Proc. Natl. Acad. Sci. USA
Vol. 93, pp. 12599-12604, October 1996
Fluoxetine-elicited changes in brain neurosteroid content
measured by negative ion mass fragmentography
D. P. UZUNOV*, T. B. COOPERt, E. COSTA*, AND A. GuIDOrrI*
*The Psychiatric Institute, Department of Psychiatry, University of Illinois at Chicago, Chicago, IL 60612; and tAnalytical Psychopharmacology Laboratory,
Nathan S. Kline Institute for Psychiatric Research, Orangeburg, NY 10962
Contributed by E. Costa, July 25, 1996
sham-operated or adrenalectomized/castrated (ADX/CX)
male rats dose-dependently (2.9-58 ,umol/kg i.p.) increased
the brain content of the neurosteroid 3c-hydroxy-5a-
pregnan-20-one (allopregnanolone, 3a,5a-TH PROG). The
increase of brain 3a,5a-TH PROG content elicited by 58
,umol/kg fluoxetine lasted more than 2 hr and the range of its
extent was comparable in sham-operated (--3-10 pmol/g) and
ADX/CX rats (2-9 pmol/g) and was associated with a de-
crease (from 2.8 to 1.1 pmol/g) in the 5a-pregnan-3,20-dione
(5a-dihydroprogesterone, 5a-DH PROG) content. The preg-
nenolone, progesterone, and dehydroepiandrosterone content
failed to change in rats receiving fluoxetine. The extent of
3a,5a-TH PROG accumulation elicited by fluoxetine treat-
ment differed in various brain regions, with the highest
increase occurring in the olfactory bulb. Importantly, fluox-
etine failed to change the 3a,5ca-TH PROG levels in plasma,
which in ADX/CX rats were at least two orders of magnitude
lower than in the brain. Two other serotonin re-uptake
inhibitors, paroxetine and imipramine, in doses equipotent to
those of fluoxetine in inhibiting brain serotonin uptake, were
either significantly less potent than fluoxetine (paroxetine) or
failed to increase (imipramine) 3a,5ci-TH PROG brain con-
tent. The addition of 10 ,uM of 5a-DH PROG to brain slices
of ADX/CX rats preincubated with fluoxetine (10IuM,15
min) elicited an accumulation of 3a,5a-TH PROG greater
than in slices preincubated with vehicle. A fluoxetine stimu-
lation of brain 3a,5ai-TH PROG biosynthesis might be oper-
ative in the anxiolytic and antidysphoric actions of this drug.
Fluoxetine administered intraperitoneally to
Neurosteroids such as 3a-hydroxy-5a-pregnan-20-one (allo-
pregnanolone, 3a,5a-TH PROG); pregnenolone (PREG) sul-
fate; and dehydroepiandrosterone (DHEA), sulfate, promptly
decrease or increase brain excitability acting as potent positive
(3a,5a-TH PROG) or negative (PREG sulfate, DHEA sul-
fate) allosteric modulators of y-aminobutyric acid (GABA)
action at GABAA receptors (1-6). These discoveries have
provided a new mechanism for brain GABAergic tone mod-
ification applicable to the treatment of various neuropsychi-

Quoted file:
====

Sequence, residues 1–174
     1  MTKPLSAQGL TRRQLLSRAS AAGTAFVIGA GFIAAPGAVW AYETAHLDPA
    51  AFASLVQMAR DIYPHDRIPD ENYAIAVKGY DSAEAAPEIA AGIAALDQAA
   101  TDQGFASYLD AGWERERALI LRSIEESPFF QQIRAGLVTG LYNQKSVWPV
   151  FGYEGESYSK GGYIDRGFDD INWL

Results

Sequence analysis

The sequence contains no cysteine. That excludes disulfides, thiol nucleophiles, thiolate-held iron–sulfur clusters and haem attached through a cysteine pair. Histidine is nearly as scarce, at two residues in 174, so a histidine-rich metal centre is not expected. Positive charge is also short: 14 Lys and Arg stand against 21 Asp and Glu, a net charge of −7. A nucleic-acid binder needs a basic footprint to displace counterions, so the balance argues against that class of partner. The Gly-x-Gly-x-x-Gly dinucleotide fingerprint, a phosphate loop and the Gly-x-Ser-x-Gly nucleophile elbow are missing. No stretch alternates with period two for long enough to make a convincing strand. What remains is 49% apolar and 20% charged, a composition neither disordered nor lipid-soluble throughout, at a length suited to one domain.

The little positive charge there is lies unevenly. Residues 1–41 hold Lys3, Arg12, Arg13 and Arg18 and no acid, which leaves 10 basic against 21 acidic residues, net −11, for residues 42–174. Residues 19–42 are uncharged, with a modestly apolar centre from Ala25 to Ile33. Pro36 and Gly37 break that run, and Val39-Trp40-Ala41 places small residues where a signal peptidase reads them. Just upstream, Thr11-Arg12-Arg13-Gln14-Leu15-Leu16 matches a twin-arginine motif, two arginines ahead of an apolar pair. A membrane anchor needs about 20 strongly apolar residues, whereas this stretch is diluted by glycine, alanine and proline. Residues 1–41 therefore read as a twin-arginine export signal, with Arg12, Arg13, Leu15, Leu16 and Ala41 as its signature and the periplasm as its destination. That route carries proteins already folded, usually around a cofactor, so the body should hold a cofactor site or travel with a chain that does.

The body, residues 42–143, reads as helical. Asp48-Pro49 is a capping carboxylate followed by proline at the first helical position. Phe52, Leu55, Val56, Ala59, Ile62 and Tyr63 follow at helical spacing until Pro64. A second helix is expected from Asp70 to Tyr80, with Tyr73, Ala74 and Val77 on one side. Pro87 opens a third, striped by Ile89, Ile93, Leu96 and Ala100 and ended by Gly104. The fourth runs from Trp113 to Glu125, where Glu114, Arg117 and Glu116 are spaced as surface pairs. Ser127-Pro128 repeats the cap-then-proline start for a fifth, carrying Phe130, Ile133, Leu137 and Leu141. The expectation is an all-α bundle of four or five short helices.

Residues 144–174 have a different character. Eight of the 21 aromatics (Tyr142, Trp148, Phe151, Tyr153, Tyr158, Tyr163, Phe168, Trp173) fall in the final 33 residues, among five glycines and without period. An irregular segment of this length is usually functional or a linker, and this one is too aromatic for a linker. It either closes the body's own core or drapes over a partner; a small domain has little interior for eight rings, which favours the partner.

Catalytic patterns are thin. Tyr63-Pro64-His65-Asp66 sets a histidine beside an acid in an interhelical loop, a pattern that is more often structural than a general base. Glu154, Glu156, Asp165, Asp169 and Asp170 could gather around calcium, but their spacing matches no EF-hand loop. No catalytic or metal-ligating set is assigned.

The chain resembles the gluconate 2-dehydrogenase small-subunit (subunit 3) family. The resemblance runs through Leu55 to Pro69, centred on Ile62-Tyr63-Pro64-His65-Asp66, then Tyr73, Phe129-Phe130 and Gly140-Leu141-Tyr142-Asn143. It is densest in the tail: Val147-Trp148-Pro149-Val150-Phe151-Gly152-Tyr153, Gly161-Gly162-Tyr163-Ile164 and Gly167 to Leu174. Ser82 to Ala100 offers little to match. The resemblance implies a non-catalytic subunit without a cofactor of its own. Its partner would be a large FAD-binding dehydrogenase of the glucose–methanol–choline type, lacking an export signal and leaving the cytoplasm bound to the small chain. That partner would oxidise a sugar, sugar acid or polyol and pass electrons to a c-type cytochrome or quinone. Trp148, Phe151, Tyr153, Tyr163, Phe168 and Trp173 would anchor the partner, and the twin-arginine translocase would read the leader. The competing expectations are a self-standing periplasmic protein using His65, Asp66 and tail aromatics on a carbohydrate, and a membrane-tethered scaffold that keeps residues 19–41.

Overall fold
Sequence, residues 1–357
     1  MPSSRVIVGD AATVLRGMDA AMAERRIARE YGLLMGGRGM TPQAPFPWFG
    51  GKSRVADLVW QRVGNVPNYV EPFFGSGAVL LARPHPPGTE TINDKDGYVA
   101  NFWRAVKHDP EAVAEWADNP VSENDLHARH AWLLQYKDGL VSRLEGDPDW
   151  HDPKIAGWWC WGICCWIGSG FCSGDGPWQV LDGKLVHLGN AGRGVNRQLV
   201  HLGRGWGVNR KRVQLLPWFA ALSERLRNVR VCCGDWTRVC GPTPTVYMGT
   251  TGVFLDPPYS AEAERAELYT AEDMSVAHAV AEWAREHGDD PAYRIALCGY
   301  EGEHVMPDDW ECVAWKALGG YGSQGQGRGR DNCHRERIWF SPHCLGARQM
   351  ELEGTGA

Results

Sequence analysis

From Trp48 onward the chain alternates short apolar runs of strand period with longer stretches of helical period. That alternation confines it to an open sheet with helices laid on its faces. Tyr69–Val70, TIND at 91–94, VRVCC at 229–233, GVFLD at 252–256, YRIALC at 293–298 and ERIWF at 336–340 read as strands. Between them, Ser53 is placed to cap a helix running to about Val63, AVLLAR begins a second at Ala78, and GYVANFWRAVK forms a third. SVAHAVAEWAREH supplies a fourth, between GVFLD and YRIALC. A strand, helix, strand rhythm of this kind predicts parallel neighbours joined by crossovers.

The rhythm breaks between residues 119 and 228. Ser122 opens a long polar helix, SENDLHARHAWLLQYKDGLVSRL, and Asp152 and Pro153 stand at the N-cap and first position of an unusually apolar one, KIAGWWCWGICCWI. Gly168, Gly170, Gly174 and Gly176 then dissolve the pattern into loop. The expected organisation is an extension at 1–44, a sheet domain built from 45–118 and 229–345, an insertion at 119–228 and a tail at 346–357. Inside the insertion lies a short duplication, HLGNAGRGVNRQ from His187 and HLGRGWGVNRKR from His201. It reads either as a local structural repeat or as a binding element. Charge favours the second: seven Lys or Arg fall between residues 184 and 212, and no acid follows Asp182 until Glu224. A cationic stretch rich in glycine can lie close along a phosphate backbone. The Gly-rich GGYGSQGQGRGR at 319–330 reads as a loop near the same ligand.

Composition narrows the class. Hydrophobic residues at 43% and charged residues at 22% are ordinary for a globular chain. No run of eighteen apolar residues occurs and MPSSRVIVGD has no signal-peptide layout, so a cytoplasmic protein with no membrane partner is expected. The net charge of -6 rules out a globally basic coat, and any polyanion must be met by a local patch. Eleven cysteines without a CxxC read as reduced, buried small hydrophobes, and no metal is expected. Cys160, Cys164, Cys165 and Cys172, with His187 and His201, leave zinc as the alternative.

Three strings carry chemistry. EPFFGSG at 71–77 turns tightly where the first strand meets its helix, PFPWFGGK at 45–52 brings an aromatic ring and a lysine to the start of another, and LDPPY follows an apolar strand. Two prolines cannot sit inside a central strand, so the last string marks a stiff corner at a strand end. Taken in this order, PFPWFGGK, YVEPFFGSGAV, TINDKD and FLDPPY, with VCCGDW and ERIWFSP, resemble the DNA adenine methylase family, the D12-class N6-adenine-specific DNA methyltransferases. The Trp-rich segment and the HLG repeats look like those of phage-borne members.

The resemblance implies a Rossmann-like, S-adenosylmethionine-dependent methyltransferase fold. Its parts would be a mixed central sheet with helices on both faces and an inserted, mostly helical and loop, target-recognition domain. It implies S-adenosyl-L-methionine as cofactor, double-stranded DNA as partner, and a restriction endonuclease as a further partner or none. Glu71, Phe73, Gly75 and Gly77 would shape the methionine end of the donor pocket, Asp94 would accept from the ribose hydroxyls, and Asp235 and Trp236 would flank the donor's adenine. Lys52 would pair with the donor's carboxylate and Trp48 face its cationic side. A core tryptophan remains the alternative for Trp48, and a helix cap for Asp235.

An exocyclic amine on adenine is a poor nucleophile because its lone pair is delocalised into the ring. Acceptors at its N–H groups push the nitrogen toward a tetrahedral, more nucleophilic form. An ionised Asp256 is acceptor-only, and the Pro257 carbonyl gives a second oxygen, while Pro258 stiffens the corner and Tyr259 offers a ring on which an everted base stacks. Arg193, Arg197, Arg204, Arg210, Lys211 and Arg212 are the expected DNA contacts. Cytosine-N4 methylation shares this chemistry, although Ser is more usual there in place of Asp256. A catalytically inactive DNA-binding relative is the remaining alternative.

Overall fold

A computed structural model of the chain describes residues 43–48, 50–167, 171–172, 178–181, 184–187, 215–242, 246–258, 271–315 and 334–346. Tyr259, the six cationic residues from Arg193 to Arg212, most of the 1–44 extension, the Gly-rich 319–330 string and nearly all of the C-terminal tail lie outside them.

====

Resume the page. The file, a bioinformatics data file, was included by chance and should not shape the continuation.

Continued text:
atric disorder symptoms (7, 8). These include the anxiety and
mood changes of the "late luteal dysphoria syndrome," asso-
ciated with low progesterone (PROG) plasma levels (a steroid
participating in 3a,5a-TH PROG biosynthesis) (8, 9).
Though the prospect that neuroactive steroids could be used in
the symptomatic treatment of specific neurological and psychi-
atric disorders has generated some enthusiasm, substantial diffi-
culties prevent the therapeutic use ofneurosteroids. For example,
the systemic administration of 3a,5a reduced derivatives of
PROG or androstenedione acting as positive allosteric modula-
tors of GABA action at GABAA receptors, indicates that the
doses required to elicit a clear anxiolytic, antidysphoric, and
antiepileptic activity may also produce profound sedation, motor
impairment, or ataxia (6, 8, 10). Two additional pharmacological
actions that may limit the protracted therapeutic use of neuro-
active steroids are: (i) their ability to trigger complex DNA
transcription modifications in neuronal (11) and glial cells (12)
and (ii) a possible tolerance liability, which may limit the pro-
tracted therapeutic use of these compounds in sleep disorders or
convulsive syndromes (13-15).
One might reduce the complications associated with the
protracted administration of neuroactive steroids by develop-
ing drugs that affect selectively some rate-limiting steps of
brain neurosteroid biosynthesis, which unlike that of periph-
eral endocrine tissues, is not under pituitary control (7).
Recently, we were intrigued by a report that fluoxetine's
beneficial effects in the treatment of "late luteal dysphoria"
symptoms occur after a latency time shorter than that de-
scribed for the treatment of the symptoms of depression (16).
Though the mechanism whereby fluoxetine relieves the symp-
toms of late luteal dysphoria remains uncertain, very likely it
may differ from that which alleviates the symptoms of depres-